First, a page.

A Sample Problem - Making a painting
Date: 2008.04.27 @ 6:21 PCT +10GMT.
My approach is primarily behaviourist - but
of course keeping structuralist and
cognivist concepts in mind.
The primary pillars of my work centre around
the work and ideas of the following:
As i will detail later, there is much to be
learned from these three true pioneers in
learning philosophy and psychology.
This is a brief introduction to what i am
about, etc. Very rough, etc.
1. Most of the work that these people did actually
does work. The results, far from being speculative
and only having theoretical applications, are applicable
in many real-world applications. Naturally, there are
limittions. These will be noted along the way.
Further, taking their work and adding to it not only
more recent findings, and different ways of viewing
learning will (should?) provide even more powerful
ways of making teaching/learning not only more effective,
less painful, but also more fun for teacher and learner.
2. In all three cases, the researchers were more or
less forced to find solutions to problems and not
having vast resources had to make do with simple models
and learn as they went.
When viewing Skinner and his work with rats, later
much more so with Pigeons - we would be well to
remember that the break-through in understanding
neurons was made by studying the nervous system
of snails; ie, animal analogues *are* valid in
Piaget's work is important because he showed that
much information and knowledge IS hierarchical and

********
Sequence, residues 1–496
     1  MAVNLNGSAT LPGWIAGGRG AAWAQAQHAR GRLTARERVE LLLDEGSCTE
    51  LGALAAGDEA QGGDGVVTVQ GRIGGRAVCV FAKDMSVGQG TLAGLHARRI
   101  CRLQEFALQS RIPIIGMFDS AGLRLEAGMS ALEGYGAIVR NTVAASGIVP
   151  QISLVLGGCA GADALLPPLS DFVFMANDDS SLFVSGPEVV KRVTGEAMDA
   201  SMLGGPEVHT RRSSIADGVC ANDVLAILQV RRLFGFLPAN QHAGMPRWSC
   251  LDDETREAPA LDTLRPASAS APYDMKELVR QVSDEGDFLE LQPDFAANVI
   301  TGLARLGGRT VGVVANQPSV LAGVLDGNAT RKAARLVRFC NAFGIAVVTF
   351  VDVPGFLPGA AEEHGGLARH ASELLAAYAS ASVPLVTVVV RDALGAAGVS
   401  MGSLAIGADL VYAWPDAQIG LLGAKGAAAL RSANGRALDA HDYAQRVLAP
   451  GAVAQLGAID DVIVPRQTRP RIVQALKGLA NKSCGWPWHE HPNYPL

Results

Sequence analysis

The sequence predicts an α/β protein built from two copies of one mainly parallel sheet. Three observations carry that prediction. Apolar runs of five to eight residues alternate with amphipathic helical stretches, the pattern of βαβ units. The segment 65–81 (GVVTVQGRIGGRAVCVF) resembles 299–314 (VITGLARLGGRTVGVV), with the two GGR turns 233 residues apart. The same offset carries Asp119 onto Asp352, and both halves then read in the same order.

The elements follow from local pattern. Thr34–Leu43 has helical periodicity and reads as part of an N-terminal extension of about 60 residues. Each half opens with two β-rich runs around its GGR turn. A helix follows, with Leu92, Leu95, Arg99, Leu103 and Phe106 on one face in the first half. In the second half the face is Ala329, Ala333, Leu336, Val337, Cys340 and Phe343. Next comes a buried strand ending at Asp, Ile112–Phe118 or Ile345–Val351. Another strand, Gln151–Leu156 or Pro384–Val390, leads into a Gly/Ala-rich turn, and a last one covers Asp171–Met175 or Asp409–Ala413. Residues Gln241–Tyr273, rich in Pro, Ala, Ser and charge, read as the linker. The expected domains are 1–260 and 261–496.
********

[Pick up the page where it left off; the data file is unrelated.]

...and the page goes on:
can't be taught at random. This has even been shown
in animal studies. For example, crows are taught to
retieve food in an increasily complicated setup. In
some cases, where crows are taught a seeminlgy
trivial trick, it turns out to be KEY to their
mastering a fairly difficult trick later. Crows that
aren't presented with the trivial trick simply can
not learn to solve the complicated trick.
Montessori was the first person to understand that
everone (regardless of where they are starting from
on the IQ, personality-type, etc. - spectrums) are
able to make progress. She also, was one of the
first to understand that the more and different
senses that we use in learning the deeper the
learning becomes. She also (mainly for a total
lack of staff) had more progressive students
help the less advanced. This synergistically
helped to improve the self-image of both
the student-as-teacher and the student-as-learner.
3. Another of my primary focuses is "learning as game".
That is, when we first start out as children we
don't even know that we are "working" at learning.
It's simply new and thus entices us by way of our
natural curiosity. Game playing has been shown
recently to have definite advantages in helping
patients recover from strokes, prevention of senility,
and the treatment of depression. Indeed, as some
researchers have said, "We truely are 'homo ludens'
- game-playing may." (not an exact quote)
4. Another aspect is the impact of various analogies
in the sciences and arts and how they can be
"translated" into other areas.
Refer to the site: http://www.angelfire.com/planet/iconosphere-zix/
for my thoughts on this. The idea of "zix" is:
z = creativity
i = imagination
x = the unknown,
thus, if we explore things in the "dimensions" of
z to the power of i to the power of x
then it turns out to be a pretty big "space".
This also pours over into recent trends in "quantum
thinking", "fractal thinking", etc. - which have become
"hot" topics in alternative education.
5. Finally (for now), my goal is to develop a set of
tools, scripts, ideas, etc. - all designed at making
learning as creative and interesting as possible. The
"big three" boring/difficult subjects are: History,
Maths, and of course Grammar. And yet, oddly enough
- aside from being useful - can be some of the most
rewarding "passtimes" in exploring this thing called
"life" (see map).